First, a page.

With the COVID-19 Omicron strain spreading rapidly amid large Christmas gatherings, the state's top doctor is urging people to book in for a booster shot as soon as possible.
Chief Health Officer Kerry Chant says anyone who received a second dose of a COVID-19 vaccine five months ago should now "get vaccinated before Christmas".
Anyone who is immunocompromised may need a booster as part of their primary course and should consult their GP, she said on Monday.
The Kirby Institute's epidemiologist Raina MacIntyre agrees, saying adults need to start thinking about three shots of a COVID-19 vaccination as being the number required to be fully vaccinated.
"Thinking you're fine with two doses, if Omicron is going to spread in Australia, is a false sense of security," she told ABC radio.
Early data indicated that even after three doses antibody levels "start to wane pretty quickly as well".
"So it may well be that we need another fourth dose within less than a year," she said.
The double-dose vaccination rate of those 16 and older remains at 93.1 per cent, falling just short of the 95 per cent milestone on Dr Chant's wishlist.
From Wednesday unvaccinated people will be free to mingle with everyone at pubs, cafes, gyms and shops as a swathe of restrictions are lifted.
Meanwhile, NSW Health is battling to contain several large transmission events, while there are now 64 cases of the new strain now on record.
"There were nine new cases confirmed with the Omicron variant overnight, and more are expected as results of genomic testing are confirmed," NSW Health said.
The cases linked to an outbreak at Newcastle's Argyle House nightclub spiked from 24 to 84 overnight and "a number of these cases are likely to be the Omicron variant".
The outbreak started after four people who partied at the club on Wednesday had COVID-19, with the cases linked to the outbreak spawned on a Sydney Harbour Cruise of 140 people on December 3.
All 680 people who checked into the Newcastle nightclub with a QR code between 9pm on Wednesday and 3am on Thursday are close contacts and must immediately get tested and isolate for seven days.
Dr Chant said it's "incredibly important" that anyone at the venue get a test - as well as their household contacts "given the high transmission at this venue".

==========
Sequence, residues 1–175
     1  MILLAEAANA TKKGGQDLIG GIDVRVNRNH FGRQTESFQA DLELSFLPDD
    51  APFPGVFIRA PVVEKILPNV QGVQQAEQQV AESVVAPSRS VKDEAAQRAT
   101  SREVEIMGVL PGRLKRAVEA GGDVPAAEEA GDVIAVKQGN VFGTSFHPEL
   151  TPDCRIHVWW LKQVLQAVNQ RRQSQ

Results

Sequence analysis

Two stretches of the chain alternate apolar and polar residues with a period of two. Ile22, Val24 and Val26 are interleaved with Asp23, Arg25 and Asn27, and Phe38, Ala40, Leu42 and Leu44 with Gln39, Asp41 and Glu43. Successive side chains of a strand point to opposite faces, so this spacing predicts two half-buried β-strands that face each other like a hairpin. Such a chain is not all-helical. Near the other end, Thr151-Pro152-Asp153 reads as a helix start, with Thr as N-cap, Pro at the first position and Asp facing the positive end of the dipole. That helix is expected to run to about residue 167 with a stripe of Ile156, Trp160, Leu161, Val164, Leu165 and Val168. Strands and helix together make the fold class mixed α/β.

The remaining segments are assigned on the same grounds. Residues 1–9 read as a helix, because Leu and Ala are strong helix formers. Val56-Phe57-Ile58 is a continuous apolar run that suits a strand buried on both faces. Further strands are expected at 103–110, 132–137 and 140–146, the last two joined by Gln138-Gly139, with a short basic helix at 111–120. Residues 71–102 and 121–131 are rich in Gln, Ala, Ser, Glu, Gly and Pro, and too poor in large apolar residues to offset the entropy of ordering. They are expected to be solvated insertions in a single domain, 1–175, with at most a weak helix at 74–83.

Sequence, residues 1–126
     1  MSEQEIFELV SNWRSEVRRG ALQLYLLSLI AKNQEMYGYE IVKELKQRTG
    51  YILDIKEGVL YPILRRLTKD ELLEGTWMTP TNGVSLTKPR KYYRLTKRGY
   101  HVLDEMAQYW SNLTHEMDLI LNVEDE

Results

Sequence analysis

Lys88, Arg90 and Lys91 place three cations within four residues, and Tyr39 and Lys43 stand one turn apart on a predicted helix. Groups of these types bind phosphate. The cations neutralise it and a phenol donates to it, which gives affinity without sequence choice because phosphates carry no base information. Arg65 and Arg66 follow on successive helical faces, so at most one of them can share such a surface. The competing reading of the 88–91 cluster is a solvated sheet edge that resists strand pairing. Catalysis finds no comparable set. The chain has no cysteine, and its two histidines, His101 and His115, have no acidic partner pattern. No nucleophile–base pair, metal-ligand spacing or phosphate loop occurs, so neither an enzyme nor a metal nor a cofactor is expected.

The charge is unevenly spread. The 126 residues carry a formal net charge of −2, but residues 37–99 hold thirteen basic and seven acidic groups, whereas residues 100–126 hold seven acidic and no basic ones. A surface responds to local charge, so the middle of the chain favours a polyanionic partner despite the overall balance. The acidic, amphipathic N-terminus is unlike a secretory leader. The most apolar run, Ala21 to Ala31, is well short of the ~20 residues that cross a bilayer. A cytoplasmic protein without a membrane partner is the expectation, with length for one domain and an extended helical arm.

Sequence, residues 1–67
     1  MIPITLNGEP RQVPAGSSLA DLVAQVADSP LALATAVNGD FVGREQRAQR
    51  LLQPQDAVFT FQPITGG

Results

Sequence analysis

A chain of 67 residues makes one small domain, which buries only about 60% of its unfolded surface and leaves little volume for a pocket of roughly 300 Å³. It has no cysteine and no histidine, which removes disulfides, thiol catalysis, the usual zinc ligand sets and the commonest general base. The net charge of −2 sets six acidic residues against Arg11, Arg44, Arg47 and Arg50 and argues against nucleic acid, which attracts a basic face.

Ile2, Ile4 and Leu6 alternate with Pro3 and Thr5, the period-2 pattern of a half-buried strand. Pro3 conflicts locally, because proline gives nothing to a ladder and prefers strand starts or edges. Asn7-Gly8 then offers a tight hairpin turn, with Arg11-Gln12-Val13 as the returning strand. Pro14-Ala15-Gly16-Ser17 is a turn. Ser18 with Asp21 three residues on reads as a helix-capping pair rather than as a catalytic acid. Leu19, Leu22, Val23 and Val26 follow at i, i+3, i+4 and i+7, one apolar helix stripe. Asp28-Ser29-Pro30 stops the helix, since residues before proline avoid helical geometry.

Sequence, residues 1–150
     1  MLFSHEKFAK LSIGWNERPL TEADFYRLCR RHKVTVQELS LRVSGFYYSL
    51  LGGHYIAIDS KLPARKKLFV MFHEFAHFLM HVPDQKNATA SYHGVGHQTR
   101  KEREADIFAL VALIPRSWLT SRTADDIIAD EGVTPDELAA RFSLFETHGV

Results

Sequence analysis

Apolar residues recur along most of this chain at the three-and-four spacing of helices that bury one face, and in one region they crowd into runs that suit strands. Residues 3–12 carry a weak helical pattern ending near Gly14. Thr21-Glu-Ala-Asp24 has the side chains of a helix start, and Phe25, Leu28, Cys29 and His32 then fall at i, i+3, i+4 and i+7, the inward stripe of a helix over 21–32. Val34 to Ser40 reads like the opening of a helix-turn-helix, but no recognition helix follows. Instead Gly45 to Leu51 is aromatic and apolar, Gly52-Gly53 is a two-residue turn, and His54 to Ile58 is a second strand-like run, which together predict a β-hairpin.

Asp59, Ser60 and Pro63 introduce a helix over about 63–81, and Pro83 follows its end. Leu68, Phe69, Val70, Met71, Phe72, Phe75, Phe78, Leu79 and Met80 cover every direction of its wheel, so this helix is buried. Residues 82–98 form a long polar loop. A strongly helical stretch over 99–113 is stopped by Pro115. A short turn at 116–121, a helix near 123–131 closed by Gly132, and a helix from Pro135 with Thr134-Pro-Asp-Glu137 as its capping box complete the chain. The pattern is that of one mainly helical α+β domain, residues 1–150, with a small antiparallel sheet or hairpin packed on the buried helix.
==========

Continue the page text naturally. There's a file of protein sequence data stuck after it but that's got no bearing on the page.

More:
NSW Health is also urging anyone who was at Newcastle's Finnegan's Hotel in Darby Street on Friday night to get tested and isolate for seven days as they are considered close contacts of confirmed COVID-19 cases who were there.
"All household contacts of close contacts must also be tested and self-isolate until a negative result is received by everyone in the household," it said in a statement.
"It is likely some of these cases have the Omicron variant of concern."
Dr Chant is also urging people to consider doing a precautionary rapid antigen test at home before socialising.
However, anyone with symptoms must do the more sensitive test available at a COVID clinic.
There were 536 new cases of COVID-19 in NSW in the 24-hours to 8pm on Sunday, as fully vaccinated people started returning to Queensland.
There were emotional reunions at Queensland airports as people welcomed loved ones after the requirement to quarantine ended on Monday.
Some 74,997 COVID tests were recorded on Sunday and there were no further deaths.
There are 171 people are in NSW hospitals with the virus, 24 of them in intensive care.
Some 81.4 per cent of teens aged 12-15 have had one dose of a COVID-19 vaccine, while 77.7 per cent are fully jabbed.
Australian Associated Press
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